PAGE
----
Unsecured small-scale credit for the poor
The secret of success is groups of five people?
One of the novel schemes of the Grameen Bank that has been noted is the group-based lending system. Under this system, as an alternative to securing collateral from poor people, groups of five people are formed, such that if one person becomes unable to repay a loan then the bank will no longer extend credit to any members of that group. The following positive effects are anticipated from having the borrowers form a group:
- In the case that the business of one member of the group does not do well and she becomes unable to repay the loan, the other members will help and cooperate with her so that they will all be able to take out loans again in the future.
- If one member of the group is lazy or makes dangerous investments, the other members will also be affected and so they will keep a mutual check on each other to ensure that this kind of thing does not happen.
- Since no one wants to form a group with a problematical personality, only people who are going to make safe investments will form and participate in a group together.
This system has been mentioned as one important factor in the high repayment rates. In actuality, many microfinance institutes have introduced the group-based lending system and have achieved high repayment rates.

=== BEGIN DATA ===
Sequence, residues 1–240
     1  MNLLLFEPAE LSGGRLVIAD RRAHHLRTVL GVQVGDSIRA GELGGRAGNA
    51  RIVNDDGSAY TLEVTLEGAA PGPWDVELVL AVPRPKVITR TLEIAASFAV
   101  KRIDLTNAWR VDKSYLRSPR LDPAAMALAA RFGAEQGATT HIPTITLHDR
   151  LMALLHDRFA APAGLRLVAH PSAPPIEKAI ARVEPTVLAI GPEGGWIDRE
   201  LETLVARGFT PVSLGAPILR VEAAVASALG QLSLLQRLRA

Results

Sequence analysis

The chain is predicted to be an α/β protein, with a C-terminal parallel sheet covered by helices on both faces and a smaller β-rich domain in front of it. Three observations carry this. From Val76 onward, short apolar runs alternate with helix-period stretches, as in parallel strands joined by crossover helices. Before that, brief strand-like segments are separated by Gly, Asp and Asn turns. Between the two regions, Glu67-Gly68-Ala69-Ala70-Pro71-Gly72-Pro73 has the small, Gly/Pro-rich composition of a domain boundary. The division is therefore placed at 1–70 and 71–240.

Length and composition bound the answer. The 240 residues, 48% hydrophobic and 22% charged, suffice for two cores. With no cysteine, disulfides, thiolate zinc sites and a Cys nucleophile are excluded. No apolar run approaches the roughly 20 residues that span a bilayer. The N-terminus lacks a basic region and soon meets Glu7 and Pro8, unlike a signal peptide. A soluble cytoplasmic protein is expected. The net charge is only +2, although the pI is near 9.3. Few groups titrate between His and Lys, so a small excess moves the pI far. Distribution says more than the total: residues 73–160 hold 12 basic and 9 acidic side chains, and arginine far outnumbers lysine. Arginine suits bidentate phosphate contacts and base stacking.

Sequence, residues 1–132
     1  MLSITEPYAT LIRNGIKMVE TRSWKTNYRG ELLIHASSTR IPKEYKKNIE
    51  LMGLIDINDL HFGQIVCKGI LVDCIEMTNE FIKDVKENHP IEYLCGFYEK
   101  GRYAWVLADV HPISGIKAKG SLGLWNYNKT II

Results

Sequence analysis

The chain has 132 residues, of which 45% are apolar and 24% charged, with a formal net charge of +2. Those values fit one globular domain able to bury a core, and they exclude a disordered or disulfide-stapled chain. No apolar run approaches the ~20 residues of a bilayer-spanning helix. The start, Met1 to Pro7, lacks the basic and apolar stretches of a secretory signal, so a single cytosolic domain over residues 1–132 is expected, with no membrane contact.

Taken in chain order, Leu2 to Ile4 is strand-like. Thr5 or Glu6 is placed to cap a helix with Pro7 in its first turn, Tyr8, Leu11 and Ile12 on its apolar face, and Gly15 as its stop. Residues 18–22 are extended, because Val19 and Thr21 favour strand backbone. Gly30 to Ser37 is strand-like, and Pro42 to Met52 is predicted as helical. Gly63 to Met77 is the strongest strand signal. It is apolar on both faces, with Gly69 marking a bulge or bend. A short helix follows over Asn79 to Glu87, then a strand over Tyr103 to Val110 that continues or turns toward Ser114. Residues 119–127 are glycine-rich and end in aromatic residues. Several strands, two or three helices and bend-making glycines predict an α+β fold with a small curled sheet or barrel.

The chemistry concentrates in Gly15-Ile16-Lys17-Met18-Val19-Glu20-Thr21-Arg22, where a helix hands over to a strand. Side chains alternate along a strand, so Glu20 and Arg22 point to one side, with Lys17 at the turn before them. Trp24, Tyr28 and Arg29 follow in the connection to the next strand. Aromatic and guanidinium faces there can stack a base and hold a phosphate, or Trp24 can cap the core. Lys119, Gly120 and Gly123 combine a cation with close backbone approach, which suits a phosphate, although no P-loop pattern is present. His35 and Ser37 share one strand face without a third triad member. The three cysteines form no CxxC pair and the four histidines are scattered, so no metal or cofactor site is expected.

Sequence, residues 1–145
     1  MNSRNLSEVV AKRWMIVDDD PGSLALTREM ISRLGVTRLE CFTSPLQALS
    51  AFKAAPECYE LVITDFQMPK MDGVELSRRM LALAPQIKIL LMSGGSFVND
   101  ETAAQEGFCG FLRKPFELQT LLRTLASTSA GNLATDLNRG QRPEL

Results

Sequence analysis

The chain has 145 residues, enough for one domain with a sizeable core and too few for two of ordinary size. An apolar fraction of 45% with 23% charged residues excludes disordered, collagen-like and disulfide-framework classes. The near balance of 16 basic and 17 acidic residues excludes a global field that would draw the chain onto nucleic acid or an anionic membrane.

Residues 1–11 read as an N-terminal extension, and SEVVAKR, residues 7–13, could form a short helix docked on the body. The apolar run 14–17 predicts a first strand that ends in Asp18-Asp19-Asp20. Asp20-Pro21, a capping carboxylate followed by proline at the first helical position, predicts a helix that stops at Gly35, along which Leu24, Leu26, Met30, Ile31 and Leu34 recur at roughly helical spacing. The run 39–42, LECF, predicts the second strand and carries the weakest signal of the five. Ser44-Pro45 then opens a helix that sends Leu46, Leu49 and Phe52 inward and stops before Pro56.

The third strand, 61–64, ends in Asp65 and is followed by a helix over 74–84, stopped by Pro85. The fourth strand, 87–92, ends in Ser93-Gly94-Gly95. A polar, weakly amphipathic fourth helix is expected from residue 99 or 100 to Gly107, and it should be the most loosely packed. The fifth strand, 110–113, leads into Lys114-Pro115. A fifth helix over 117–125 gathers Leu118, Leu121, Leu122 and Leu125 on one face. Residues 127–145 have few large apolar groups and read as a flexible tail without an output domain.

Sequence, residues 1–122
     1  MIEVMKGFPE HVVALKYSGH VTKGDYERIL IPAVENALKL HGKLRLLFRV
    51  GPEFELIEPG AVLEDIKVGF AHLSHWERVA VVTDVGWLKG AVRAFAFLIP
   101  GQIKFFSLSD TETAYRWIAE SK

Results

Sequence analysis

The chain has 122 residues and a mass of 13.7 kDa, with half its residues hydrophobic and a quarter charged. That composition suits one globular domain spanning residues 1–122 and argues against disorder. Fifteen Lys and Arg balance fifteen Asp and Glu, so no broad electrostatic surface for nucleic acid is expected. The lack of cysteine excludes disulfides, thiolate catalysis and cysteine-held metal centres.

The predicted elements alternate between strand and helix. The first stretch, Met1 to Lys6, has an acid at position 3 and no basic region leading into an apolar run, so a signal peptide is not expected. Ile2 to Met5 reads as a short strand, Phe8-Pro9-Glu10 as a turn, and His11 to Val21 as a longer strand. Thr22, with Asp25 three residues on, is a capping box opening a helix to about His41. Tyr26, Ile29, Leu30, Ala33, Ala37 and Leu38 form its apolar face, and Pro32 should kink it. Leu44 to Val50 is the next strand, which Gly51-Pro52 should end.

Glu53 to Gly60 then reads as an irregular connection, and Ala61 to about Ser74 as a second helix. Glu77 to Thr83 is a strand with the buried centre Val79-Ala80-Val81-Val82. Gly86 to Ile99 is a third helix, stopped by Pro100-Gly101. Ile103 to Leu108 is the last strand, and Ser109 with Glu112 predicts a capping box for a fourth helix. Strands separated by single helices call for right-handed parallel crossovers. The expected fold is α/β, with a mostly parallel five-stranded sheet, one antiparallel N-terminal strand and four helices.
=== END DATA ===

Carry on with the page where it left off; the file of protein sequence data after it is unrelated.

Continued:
However, recent research has called the group-based credit approach into question. An experiment was carried out in the Philippines, where a group-based credit center chosen at random was converted to individual-based lending. The result was that the change to credit for individuals made no difference to the repayment rate and individual loans led to more new customers. The vast majority of these new customers were friends and relatives of existing customers. In the case of group-based lending, if a member defaults then others have to take on the burden of repayment, and so people are cautious about forming a group with people they are very intimate with. In the case of individual credit, however, there is no such problem and thus it is easier to recommend a loan to acquaintances, resulting in an increase in new customers. The research finding was thus that the group-lending approach does not contribute to high repayment rates and furthermore exerts a drag on the entry of new customers.